The only other reason they might feature is if they had an advertisement - one example I've come across is a music teacher advertising their services - all these Victorian children being taught to play the piano - the other is if they had a shop.

Otherwise no, not unless you come from what Jane Austen would have called quality and other people genteel folk.

So, you don't need to use one of those paid for heavily advertised services. In fact it may be cheaper not to, as well as being more fun.

Keeping track of everything is a problem.

About the only decent software package I've found is Gramps, and as I've said it's not the most intuitive, but its worth persevering with - I started from a position of loathing to move to one of grudging respect - it's powerful.

However you also need to use something such as Evernote to organise all your suppletmental material - as you would with any research project, plus some sort of notekeeping solution - Evernote will do both.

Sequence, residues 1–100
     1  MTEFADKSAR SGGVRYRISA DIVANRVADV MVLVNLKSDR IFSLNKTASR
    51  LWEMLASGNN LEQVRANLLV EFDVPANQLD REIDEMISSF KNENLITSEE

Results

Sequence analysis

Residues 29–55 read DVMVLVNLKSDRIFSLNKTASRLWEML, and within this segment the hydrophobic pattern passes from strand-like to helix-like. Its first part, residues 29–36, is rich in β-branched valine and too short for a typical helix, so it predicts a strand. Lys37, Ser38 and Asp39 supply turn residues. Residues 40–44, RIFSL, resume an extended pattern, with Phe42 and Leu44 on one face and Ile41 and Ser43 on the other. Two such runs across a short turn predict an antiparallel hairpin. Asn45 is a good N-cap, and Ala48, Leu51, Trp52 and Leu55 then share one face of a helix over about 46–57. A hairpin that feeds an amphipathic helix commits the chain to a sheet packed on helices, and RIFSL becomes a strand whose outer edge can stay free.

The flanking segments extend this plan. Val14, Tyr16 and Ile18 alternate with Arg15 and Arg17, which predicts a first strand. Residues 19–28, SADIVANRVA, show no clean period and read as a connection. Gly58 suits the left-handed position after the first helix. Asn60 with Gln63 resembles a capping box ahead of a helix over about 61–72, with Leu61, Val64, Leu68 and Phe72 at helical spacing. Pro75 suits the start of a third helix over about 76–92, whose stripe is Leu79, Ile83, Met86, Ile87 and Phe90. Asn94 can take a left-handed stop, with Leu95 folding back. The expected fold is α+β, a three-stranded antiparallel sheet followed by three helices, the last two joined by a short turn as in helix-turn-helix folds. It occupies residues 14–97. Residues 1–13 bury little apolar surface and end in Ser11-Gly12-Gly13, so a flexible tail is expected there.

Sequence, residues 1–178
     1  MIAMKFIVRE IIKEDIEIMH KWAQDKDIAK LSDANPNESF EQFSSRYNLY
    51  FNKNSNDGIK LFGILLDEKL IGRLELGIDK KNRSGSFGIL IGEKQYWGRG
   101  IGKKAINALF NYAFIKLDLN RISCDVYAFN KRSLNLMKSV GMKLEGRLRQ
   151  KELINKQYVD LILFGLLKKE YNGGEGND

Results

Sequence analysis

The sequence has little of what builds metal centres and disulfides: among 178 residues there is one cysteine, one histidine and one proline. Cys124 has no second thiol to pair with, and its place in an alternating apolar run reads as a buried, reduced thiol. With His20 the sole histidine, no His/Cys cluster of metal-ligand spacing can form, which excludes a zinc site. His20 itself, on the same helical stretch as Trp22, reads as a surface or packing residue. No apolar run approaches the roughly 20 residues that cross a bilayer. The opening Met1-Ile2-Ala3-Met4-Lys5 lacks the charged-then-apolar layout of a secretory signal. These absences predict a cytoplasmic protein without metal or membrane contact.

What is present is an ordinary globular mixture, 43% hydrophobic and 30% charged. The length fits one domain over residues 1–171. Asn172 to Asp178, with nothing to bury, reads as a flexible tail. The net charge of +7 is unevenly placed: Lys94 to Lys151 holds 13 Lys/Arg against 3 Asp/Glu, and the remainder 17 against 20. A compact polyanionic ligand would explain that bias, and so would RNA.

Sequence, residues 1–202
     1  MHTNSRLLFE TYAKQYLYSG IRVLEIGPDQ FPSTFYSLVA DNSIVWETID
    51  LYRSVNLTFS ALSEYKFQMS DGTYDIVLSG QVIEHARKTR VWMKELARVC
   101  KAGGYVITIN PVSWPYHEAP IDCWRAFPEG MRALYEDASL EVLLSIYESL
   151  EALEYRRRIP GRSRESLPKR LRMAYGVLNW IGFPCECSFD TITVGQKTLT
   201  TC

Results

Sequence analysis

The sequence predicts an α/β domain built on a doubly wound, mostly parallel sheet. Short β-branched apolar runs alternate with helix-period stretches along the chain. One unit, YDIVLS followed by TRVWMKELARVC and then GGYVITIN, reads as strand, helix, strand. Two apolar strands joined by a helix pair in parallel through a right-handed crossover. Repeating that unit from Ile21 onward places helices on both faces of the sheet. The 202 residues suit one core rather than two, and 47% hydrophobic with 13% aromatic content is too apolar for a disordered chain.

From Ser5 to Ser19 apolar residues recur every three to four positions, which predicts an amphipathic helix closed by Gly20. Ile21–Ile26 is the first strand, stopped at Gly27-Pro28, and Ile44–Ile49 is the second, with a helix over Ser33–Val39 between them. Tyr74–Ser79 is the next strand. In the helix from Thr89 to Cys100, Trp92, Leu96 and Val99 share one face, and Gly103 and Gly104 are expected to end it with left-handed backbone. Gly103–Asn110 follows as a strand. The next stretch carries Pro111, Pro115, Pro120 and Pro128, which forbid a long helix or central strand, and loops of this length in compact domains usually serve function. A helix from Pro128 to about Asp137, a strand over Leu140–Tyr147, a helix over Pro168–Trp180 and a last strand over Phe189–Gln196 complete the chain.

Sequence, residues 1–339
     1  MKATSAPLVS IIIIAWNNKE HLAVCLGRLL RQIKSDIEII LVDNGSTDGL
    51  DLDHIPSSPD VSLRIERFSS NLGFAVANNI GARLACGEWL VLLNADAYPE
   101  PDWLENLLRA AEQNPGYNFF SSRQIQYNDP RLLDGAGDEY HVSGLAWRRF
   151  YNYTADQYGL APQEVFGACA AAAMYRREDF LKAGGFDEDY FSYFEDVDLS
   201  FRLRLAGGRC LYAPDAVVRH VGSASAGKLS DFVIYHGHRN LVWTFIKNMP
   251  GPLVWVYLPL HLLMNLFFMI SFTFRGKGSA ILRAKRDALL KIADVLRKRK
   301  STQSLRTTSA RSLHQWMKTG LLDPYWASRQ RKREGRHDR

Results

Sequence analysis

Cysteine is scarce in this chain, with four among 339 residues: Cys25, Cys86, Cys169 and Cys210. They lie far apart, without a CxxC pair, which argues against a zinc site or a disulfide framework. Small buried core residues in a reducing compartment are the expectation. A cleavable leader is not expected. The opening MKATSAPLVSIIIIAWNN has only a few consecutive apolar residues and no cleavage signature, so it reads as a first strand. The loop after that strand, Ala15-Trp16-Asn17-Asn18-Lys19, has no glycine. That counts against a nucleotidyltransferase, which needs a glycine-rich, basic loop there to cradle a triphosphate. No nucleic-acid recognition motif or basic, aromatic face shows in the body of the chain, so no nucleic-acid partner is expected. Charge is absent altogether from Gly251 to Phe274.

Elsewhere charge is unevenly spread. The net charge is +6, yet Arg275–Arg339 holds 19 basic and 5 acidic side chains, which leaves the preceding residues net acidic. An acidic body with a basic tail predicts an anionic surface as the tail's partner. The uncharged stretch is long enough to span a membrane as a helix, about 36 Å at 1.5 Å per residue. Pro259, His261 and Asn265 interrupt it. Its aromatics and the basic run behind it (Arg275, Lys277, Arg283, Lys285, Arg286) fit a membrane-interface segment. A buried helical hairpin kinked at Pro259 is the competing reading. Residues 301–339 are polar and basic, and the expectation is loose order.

There are other solutions, J's cousin, who is an amateur genealogist and a former museum cataloguer still uses 6x4 record cards, for the absolutely killer reason they are easy to reorder if some new information changes the order they should be in. A wiki would also let you do this if you want to be high tech about it.

So, it's fun, easy to do online if you have ancestors that conveniently came from the right place. Like any hobby it's going to cost money, but it doesn't need to be so expensive if you work with the primary sources yourself ...

Friday, 28 December 2018

Digital family history

Over on my other blog I've been writing about what I've been doing over the holidays delving into my own family history.

Now, it's probably not terribly interesting to anyone other than myself and a few nephews and nieces. but one of the most important aspects of this work from a digital archiving point of view is that I've been able to do it using only online digital resources and do the work from my study on the other side of the world.